“Right now, we’re still in Peruvian onions and supply will be good on those until about Feb. 15th to the end of February,” says Brent Bryson of Roberson Onion Co. out of Georgia. Then we’ll move into Mexico with sweet onions and yellow onions.” The crop from Peru started the beginning of September with a slower and tighter start than usual. “And then things became a little more available,” says Bryson. “The quality we’ve had is very good, and I think Peru was slowed by some weather.”
John Shuman agrees. “Peruvian sweet onion supplies are good as we head into February, we expect good supplies into March,’ says Shuman of Reidsville, Ga.-based Shuman Produce, adding that Shuman is anticipating supplies from Texas mid-March.
Photo: Roberson Onion Co.
At the same time, onions coming from the Northwest region—Washington, Colorado, Oregon and Idaho—are likely to wrap up soon. “I think they’re having a short season, though Washington will be able to run until April or May,” says Bryson. “They won’t be able to go into June like they did last year.”
"The crops have been very good this year," said Dominic Carnazzo, of Wada Farms Marketing Group, based in Idaho. "Washington and Oregon will continue to supply the market until they finish up at the tail end of March or the first week in April. Supplies from Oregon have been a little lighter this year, but volume from Washington has remained normal."
Carnazzo noted that the market is short on very large sizes. "Quality is very high but there is a general lack of the larger, 'super colossal' sizes, particularly from Washington," he said. "This is due to the weather during the growing season. It remained unseasonably cool right up until the harvest, followed by inclement weather in the early harvest period. Therefore, the onions never really had the opportunity to size up."
Strong market on jumbos
Due to the lack of very large sizes, the market on onions remains strong for this time of year. Not surprisingly, the highest prices are found on the Jumbos. "We are seeing decent prices for this time of year," Carnazzo continued. "Jumbo yellows from Washington are in the range of $8.00 - $9.00, while from Oregon, prices are $9.00 - $9.75."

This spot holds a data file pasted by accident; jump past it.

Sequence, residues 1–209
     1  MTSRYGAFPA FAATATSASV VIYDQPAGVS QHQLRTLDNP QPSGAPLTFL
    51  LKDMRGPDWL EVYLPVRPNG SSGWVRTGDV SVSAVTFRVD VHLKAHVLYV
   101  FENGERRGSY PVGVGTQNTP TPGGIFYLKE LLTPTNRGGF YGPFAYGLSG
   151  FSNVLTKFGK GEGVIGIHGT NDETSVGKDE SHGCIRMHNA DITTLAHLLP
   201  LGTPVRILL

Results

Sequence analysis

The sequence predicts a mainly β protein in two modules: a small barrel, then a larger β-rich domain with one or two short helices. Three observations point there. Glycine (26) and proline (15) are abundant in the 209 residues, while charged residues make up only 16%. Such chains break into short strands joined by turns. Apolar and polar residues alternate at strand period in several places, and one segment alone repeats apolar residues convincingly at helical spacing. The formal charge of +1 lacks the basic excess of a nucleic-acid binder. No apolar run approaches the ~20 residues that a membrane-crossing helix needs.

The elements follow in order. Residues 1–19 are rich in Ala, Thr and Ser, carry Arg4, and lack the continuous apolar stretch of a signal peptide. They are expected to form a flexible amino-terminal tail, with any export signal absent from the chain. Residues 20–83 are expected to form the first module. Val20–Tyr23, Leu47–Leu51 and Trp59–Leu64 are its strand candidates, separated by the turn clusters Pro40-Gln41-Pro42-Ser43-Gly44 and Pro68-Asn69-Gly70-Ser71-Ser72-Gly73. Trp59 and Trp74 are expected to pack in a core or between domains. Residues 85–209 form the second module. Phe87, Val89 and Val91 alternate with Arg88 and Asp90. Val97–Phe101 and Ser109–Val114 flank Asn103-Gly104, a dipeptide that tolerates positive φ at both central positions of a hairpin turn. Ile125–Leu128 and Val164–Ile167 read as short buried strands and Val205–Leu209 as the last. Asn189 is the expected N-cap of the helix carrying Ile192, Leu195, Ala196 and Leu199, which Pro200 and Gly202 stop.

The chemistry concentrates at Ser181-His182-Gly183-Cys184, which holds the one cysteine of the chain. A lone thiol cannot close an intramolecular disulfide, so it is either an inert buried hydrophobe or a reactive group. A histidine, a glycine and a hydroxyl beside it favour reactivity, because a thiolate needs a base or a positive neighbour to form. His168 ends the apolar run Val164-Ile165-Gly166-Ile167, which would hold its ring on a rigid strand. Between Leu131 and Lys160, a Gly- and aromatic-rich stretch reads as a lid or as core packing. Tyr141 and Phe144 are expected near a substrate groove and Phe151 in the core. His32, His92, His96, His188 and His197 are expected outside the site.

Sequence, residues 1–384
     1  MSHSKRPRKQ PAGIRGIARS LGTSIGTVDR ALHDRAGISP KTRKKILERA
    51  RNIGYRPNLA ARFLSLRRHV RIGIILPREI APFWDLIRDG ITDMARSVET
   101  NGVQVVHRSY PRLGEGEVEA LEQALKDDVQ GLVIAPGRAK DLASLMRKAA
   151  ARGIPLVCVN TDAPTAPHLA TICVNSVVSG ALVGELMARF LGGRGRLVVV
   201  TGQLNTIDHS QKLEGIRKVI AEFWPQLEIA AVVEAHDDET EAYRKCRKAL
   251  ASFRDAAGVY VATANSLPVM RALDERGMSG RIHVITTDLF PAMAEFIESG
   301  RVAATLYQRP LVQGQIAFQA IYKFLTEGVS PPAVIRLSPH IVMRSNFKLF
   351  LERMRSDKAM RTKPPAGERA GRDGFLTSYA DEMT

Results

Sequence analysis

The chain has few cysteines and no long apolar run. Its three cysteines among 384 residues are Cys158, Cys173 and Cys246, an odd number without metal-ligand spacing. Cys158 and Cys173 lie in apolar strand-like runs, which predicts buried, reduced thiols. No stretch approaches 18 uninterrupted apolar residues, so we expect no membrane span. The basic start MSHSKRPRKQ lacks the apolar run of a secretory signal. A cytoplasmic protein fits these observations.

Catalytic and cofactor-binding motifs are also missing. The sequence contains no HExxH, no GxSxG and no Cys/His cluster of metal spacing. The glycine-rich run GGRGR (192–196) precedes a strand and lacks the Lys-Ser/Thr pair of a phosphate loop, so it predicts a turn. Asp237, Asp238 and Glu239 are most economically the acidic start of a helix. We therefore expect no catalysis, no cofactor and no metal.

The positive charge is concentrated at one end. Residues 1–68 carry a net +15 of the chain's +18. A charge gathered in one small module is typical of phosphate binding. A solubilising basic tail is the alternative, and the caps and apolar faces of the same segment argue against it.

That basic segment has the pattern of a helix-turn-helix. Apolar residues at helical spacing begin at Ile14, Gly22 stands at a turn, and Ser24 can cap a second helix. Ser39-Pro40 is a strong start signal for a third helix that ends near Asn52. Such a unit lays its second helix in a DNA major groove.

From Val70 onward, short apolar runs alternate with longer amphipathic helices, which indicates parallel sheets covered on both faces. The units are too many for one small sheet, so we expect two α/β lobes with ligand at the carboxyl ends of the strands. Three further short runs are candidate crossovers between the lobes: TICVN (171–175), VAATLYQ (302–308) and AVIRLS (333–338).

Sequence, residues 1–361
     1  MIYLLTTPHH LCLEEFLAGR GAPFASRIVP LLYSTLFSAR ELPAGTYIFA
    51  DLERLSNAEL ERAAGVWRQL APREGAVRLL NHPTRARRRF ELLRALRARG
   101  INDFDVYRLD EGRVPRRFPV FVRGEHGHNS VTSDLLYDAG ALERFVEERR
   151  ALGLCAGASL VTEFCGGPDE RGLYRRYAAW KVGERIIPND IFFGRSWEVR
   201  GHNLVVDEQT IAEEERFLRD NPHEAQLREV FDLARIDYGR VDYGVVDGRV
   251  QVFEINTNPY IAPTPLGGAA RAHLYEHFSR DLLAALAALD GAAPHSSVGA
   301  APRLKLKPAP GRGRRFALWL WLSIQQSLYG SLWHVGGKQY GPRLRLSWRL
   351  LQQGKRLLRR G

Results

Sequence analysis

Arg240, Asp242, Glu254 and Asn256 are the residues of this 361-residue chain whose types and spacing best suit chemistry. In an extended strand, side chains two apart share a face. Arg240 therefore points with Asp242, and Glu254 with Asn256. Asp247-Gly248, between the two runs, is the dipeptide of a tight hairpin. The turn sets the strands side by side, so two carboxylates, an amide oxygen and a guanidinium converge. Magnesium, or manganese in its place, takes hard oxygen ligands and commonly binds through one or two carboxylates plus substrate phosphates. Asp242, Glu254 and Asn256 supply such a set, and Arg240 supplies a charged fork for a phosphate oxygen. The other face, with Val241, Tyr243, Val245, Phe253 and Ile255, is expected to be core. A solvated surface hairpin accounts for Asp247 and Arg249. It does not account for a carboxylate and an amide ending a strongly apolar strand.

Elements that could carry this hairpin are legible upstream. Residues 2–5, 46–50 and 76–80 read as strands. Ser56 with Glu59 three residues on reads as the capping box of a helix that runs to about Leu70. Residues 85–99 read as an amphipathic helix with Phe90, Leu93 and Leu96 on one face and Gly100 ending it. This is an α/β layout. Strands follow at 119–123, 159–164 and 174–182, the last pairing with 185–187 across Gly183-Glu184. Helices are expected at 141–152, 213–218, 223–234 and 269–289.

“The market looks to remain steady for now until at least the end of February. At that point, Mexico and Texas volume in February and March may put downward pressure on prices, depending on how much remains in storage in the Northwest,” Carnazzo said. “We have started seeing a small amount of onions arriving from Mexico, but they are mostly white and we won't see more volume or other varieties until the end of February.”
Photo: Roberson Onion Co.
Vidalia to come
Meanwhile Roberson is gearing up for its own Vidalia onion crop coming this spring. “A lot can happen in weather before then, but the crop looks really good right now,” Bryson says.
With average demand for onions right now, Bryson is seeing sweet onions going for $16-$17 FOB. “The yellow market is a little higher than usual. The red is right where it normally is—the market is a little high and that’s just due to the northwest,” he says, adding that one factor possibly pushing those prices higher is the ruling that as of December, trucks need to carry electronic logging devices (ELDs) as per the ruling from the Federal Motor Carrier Safety Administration. “I think a lot of people are going to be fighting for trucks,” adds Bryson.
“The cost of the product is inflated by higher freight costs, and both suppliers and customers will feel the impact in the upcoming months,” says Shuman.
Overall that pricing is about the same as last year, though slightly higher on the conventional red, white and yellow onion market.
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Written by Astrid Van Den Broek and Dennis Rettke.